The description of partridge – entry 71 – switches into Latin for the first part. Since the dietetic text is German otherwise, this is unusual. Some words in the Latin text are still given in German, too.
<<R71>> Rephun est frigide nature…
[Latin text:] Partridges are frigid by nature, though not as frigid as domestic chickens. Its meat is not bad, but tender. Eating it does not harm healthy people much, but it is not good for the sick and causes phlegm (sleymig). Take its gall and mix it with old fat and often anoint yourself with it where lice grow on the skin from the sweat of the flesh (de sudore carnis). It passes through the skin and no more will grow. [Latin text ends]
[German text:] Partridges are very healthy, and Rhazes says of them that if they are eaten boiled, they will drive the evil moisture and any rotten food out of the stomach. They also cause constipation. [German text ends]
The following two entries, too, are in Latin:
<<R72>> Pirckhunn eandem naturam habet…
Grouse (Pirckhunn) are of the same nature as those described above, except that their flesh is better to eat for both healthy and sick people than that of the preceding.
<<R73>> Awerhun calidum et aliquantulum humidum est…
Capercaillie is hot and a little moist and is therefore good food for both healthy and sick people. If maggots or other worms are eating a man, take its bladder and strongly pulverise it. Take of that powder and put it into the place, and once the worms taste it, they shall die.
These parts stand out for the medicinal applications they include as well as the language they are in. A quick search confirms that they are, in fact, not original. These are quotes from Hildegard of Bingen’s Physica VI.15, 16 and 17 (though they are in order 16, 17, 15 here). And that is more surprising than it may feel to moderns, who are used to treating Hildegard as a medieval authority. The writings of Hildegard of Bingen were not widely read in the later middle ages. She was canonised and locally venerated, and copies of her works existed, but she was certainly not at a level with Avicenna or Rhazes, or even popular epitomists like Konrad von Eichstätt or the Tacuinum Sanitatis.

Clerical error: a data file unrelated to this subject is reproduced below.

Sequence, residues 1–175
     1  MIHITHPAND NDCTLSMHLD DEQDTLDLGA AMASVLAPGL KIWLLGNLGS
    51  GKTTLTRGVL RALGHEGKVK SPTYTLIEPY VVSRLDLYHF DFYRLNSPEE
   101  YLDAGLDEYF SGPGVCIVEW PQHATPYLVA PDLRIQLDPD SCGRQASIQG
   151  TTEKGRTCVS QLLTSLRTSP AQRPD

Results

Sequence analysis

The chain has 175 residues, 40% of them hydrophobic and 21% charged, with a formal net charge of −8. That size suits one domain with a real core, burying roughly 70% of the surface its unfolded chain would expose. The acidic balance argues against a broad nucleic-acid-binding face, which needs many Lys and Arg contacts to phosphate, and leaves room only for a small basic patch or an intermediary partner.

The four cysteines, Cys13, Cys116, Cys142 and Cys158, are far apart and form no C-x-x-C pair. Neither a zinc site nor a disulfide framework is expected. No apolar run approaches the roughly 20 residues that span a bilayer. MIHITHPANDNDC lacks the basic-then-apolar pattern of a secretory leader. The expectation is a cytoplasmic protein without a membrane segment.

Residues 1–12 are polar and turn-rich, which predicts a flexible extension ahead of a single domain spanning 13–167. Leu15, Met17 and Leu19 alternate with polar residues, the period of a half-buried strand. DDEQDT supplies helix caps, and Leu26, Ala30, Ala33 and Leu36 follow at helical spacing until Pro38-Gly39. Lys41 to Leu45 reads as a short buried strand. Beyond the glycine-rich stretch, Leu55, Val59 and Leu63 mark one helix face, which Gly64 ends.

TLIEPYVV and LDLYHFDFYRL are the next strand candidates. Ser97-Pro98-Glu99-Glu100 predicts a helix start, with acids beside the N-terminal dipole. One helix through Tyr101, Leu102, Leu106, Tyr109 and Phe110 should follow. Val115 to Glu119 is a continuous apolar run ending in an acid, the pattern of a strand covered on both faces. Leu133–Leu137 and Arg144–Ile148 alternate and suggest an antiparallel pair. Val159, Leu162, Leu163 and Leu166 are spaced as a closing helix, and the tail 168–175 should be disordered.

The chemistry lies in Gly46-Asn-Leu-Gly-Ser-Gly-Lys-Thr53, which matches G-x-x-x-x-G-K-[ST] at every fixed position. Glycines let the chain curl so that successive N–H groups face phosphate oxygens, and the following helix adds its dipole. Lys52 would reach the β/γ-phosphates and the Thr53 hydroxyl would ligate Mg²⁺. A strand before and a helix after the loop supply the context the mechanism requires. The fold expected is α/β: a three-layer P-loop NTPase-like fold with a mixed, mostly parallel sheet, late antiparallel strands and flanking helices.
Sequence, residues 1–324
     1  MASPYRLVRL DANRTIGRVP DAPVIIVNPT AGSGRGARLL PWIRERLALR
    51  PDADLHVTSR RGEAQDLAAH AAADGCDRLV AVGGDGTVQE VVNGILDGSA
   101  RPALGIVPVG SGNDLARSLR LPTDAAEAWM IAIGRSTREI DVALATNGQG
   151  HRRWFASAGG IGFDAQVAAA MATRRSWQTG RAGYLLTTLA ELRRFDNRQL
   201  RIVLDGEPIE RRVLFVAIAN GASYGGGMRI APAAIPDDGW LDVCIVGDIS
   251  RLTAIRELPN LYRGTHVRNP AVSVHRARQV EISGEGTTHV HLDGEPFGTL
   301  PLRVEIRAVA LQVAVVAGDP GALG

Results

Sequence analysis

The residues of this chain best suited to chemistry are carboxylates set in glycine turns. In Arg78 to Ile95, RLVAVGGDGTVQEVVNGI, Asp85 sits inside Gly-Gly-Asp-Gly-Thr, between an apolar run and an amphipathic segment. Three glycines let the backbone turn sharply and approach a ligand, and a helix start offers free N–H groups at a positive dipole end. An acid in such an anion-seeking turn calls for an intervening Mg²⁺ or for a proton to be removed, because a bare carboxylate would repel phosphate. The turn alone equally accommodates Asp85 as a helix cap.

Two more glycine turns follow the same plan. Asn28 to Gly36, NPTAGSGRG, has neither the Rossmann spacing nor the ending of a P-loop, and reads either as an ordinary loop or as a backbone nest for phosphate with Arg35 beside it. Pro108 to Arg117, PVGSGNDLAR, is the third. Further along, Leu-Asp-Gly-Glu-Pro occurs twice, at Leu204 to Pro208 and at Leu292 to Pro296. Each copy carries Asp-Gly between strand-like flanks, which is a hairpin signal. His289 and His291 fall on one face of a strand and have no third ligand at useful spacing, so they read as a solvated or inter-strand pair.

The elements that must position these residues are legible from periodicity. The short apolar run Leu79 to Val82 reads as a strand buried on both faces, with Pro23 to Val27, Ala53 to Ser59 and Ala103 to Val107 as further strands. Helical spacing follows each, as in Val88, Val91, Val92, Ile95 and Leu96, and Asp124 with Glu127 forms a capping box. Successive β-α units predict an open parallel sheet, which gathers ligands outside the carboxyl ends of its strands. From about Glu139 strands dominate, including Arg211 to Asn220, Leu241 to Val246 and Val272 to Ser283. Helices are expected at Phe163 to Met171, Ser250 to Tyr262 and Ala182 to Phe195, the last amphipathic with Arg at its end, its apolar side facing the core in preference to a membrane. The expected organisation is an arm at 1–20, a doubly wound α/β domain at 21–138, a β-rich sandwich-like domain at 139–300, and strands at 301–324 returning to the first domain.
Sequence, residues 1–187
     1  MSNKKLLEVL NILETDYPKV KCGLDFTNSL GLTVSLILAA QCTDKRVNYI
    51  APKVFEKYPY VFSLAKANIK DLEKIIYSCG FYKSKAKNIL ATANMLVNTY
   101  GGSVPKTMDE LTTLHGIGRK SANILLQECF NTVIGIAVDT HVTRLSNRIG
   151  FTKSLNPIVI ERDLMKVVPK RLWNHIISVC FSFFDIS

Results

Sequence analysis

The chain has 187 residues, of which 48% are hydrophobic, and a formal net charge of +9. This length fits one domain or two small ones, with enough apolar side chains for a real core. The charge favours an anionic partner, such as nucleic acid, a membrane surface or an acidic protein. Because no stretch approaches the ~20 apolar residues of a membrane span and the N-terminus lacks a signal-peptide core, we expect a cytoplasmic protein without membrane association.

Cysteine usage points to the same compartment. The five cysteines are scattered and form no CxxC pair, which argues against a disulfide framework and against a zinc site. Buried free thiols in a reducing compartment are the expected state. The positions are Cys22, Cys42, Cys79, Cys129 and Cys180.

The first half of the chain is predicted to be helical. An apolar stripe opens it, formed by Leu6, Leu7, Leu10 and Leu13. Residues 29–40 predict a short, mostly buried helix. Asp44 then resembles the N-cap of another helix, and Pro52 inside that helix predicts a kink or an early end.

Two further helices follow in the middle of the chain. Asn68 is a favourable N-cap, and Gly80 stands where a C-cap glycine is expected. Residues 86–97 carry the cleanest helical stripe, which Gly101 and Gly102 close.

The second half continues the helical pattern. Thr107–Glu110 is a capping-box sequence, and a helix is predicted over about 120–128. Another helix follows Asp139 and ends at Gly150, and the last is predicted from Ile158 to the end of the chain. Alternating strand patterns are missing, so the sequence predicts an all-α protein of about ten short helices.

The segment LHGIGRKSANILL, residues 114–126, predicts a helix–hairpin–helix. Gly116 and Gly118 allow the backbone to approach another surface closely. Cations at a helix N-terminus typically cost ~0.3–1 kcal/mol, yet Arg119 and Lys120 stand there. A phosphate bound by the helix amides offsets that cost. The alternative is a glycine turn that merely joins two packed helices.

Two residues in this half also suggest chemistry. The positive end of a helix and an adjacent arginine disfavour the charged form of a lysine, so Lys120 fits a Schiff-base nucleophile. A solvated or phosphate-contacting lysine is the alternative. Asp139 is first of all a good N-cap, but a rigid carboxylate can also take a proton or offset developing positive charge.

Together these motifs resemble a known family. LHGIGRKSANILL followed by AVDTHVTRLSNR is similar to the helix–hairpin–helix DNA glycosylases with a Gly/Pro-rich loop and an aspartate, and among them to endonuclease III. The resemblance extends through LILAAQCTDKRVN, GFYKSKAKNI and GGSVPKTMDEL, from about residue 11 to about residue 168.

I would really love to know what was going on when our author – Meister Eberhard or not – wrote down these lines. Was he aware that he was quoting someone, or was he just copying a text? Was he quoting an authority, or just excerpting an interesting application? Did he know who he was quoting? If so, did he have access to more of her work? We do not know these things, and so far I have found no indication that we have any evidence either way. But it is fascinating to see St Hildegardis pop up like this.
Meister Eberhard is a recipe collection that belongs into a south German context, most likely associated with the court of Bayern-Landshut during its ascendancy in the first half of the 15th century. We know nothing about the putative author other than that he claims he was part of the kitchen staff there. The text contains an eclectic mix of recipes and dietetic advice heavily cribbed from a variety of sources, including the (unattributed) writings of St Hildegardis Bingensis. The text is published in A. Feyl: Das Kochbuch Meister Eberhards. Diss. Freiburg i.B. 1963 and online on the website of Thomas Gloning.